Find a spider by...
webs and egg sacs
(see notes below)
female: 25 mm|
male: 19 mm
A burrow in the ground
Bites may cause mild illness
The identity of this species was derived from a research paper by Langlands and Framenau.
The 'bicolor' species name is appropriate for this species in that some individuals, particularly adult males, may appear almost uniformaly tan in
colour except of a black patch on the underside of the abdomen whereas juveniles and adult females have an abdomen and the proximal part of each leg
almost completely black, only the carapace and the outer segments of the legs being a tan colour. The colour change can be quite dramatic, following a single moult.
Present evidence indicates that it is best to state that the spider shown on this page is part of the Hoggicosa bicolor group, this implying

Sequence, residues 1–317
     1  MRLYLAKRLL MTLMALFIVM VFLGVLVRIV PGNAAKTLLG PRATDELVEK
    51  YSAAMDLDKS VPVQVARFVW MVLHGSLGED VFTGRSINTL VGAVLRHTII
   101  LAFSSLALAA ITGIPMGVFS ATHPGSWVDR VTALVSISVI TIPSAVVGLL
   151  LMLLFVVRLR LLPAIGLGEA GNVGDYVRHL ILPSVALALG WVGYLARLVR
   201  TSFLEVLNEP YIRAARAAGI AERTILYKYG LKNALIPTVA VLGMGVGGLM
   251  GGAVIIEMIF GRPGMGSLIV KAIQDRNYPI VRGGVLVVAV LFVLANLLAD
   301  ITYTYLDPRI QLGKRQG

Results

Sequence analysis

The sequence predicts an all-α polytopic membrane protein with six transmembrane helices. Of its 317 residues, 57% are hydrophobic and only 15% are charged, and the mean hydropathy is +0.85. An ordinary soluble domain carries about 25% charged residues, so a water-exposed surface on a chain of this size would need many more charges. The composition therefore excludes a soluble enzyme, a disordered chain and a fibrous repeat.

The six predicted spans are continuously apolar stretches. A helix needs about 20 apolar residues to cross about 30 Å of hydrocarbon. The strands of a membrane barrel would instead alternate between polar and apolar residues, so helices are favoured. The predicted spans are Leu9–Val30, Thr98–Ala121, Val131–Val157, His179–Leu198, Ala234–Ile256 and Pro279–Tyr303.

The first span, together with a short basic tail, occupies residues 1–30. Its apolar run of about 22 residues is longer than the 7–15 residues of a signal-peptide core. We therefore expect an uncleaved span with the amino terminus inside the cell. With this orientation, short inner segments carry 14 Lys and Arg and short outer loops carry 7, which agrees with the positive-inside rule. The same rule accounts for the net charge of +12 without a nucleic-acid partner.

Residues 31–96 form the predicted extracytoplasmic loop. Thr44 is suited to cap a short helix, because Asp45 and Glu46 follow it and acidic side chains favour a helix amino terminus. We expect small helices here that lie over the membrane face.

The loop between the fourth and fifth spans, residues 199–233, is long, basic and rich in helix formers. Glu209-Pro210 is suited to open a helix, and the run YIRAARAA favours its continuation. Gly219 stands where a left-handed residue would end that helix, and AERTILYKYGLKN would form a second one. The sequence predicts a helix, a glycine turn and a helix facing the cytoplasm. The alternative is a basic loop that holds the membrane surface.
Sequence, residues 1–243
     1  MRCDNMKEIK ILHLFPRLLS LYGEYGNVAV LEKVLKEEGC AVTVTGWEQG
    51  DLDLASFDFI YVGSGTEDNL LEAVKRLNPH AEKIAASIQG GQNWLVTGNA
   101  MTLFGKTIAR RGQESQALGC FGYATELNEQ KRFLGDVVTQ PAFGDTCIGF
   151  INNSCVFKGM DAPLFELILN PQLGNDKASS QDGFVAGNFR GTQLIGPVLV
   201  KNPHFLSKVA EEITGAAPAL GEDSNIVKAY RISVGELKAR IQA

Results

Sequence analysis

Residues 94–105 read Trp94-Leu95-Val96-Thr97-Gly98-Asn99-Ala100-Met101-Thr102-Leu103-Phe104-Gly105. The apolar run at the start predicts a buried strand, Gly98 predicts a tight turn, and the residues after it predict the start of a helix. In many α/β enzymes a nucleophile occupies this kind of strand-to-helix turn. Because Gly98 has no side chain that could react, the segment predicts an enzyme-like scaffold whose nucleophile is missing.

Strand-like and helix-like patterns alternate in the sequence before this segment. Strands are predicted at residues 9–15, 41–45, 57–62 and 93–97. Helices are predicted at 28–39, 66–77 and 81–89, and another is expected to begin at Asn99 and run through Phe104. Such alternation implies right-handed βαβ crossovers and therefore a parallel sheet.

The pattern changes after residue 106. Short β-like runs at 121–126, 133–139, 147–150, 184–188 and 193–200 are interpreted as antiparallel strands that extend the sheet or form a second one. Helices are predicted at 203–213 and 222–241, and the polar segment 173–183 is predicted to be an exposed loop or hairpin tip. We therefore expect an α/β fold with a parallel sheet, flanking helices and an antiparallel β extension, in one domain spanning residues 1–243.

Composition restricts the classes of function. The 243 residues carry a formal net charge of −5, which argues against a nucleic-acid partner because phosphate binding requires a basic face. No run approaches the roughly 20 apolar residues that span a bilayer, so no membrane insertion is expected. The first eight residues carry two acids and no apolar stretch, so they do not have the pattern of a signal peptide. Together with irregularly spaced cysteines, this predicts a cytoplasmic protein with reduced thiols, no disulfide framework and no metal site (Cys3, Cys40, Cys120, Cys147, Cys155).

that there may be several species or subspecies that are easily confused with the specimen Roewer originally named as Hoggicosa bicolor.
Hoggicosa species seem to prefer to build their burrows in drier inland regions of Australia and some of them conserve moisture by fitting a door to their burrow.
Spider(s) with a very similar appearance: Some other Hoggicosa species.
Email Ron Atkinson for more information.
Last updated 29 November 2015.